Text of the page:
Q: I’ve been searching the 10th edition to see where the list of footnote symbols from the previous edition is given and I cannot find it. Is that because the lowercase alphabet letters are now going to replace these symbols, as mentioned on page 91?

A: Yes, almost right. We have changed our policy on using superscript symbols for table footnotes and are now using superscript lowercase letters. There are more of them and they are not so “odd.” However, we are continuing to use the old “footnote symbols” for bottom-of-the-page footnotes (see p 43). We only show 2 here…the asterisk and the dagger…because it is not likely that more would be needed (this is the only type of bottom-of-page footnotes that we use in our journals), but if you were to require more, the “old” list would still apply.

Q: I haven’t been able to locate in the 10th edition the place where it says that the symbols “greater than” and “less than” should not be used in running text. (It’s at the top of p 256 in the ninth edition.)

A: You are correct. We neglected to include that this time, but the policy is the same. The examples on page 399 illustrate this, but having the specific statement would be good. It’s a bit like the policy we have of reserving the use of the hyphen for ranges to within parentheses and in tables (and, of course, in references, for the page ranges) and not using it in running text (P values are another exception). It all has to do with “elegance.”—Cheryl Iverson, MA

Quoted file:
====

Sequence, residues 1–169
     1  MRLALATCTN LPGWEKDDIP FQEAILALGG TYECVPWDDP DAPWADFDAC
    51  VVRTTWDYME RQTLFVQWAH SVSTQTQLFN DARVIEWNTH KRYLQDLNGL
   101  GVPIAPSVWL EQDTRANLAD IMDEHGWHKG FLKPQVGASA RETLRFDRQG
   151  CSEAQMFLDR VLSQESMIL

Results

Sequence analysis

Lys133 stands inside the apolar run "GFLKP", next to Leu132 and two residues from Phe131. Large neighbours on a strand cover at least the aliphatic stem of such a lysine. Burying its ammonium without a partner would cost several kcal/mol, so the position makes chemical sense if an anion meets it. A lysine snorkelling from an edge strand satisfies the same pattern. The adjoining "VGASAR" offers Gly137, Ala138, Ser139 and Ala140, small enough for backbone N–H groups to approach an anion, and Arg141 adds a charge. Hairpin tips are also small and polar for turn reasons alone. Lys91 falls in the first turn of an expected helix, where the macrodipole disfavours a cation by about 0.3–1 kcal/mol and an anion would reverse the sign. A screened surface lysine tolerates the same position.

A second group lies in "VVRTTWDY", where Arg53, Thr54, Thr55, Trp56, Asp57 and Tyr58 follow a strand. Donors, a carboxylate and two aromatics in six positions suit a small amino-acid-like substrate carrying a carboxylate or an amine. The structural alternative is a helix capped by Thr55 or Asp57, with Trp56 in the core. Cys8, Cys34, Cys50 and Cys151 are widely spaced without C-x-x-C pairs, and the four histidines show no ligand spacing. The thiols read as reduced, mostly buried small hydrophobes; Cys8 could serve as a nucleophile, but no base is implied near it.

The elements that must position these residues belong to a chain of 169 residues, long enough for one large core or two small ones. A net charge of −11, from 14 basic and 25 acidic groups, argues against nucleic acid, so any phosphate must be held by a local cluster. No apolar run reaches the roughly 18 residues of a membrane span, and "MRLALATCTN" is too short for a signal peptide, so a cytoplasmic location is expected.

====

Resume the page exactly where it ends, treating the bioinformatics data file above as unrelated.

Quiz Bowl: Practice Editing Tables

During the past 15 years I have been teaching classes in medical editing. Every year I hear the same question from my students: “How can we practice our editing skills?” It’s a difficult question to answer because usually editors learn their skills on the job. But what do you do if you’re trying to break into the editorial field or have moved from, say, an editorial assistant position to a manuscript editor position? This month’s quiz, entitled Practice Editing Tables, is a first step in helping editors gain editing practice. I have focused on editing tables in this quiz because this is often one of the most challenging tasks for both novice and seasoned editors to master.

Basically, this month’s style quiz is simply to edit a table. Therefore, we have no sample question for you to try. Instead, here’s a general question about tables for you to answer.

Formal tables in scientific articles conventionally contain 5 major elements. Can you name these 5 major elements? (Use your mouse to highlight the text box.)

title, column headings, stubs (row headings), body (data field) consisting of individual cells (data points), and footnotes

Each of these elements has various style and formatting recommendations that are described in detail in the AMA Manual of Style (§4.1.3).